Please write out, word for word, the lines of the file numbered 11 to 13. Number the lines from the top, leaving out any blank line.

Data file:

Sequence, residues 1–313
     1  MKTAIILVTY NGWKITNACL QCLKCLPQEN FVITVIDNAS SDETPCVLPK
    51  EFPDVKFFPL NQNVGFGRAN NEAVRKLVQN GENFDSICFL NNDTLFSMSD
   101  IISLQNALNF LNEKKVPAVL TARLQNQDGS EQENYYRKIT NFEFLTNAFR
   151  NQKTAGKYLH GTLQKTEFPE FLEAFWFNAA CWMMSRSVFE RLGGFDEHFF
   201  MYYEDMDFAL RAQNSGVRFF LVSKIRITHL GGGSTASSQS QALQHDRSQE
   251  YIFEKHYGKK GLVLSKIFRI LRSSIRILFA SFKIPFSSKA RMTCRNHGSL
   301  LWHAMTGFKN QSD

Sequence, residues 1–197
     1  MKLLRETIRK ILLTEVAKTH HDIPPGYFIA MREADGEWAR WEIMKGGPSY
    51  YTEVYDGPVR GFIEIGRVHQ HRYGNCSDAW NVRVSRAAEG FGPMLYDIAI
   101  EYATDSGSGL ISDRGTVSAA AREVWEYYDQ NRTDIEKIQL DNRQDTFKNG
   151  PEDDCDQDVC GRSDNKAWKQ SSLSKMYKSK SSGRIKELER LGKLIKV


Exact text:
    51  YTEVYDGPVR GFIEIGRVHQ HRYGNCSDAW NVRVSRAAEG FGPMLYDIAI
   101  EYATDSGSGL ISDRGTVSAA AREVWEYYDQ NRTDIEKIQL DNRQDTFKNG
   151  PEDDCDQDVC GRSDNKAWKQ SSLSKMYKSK SSGRIKELER LGKLIKV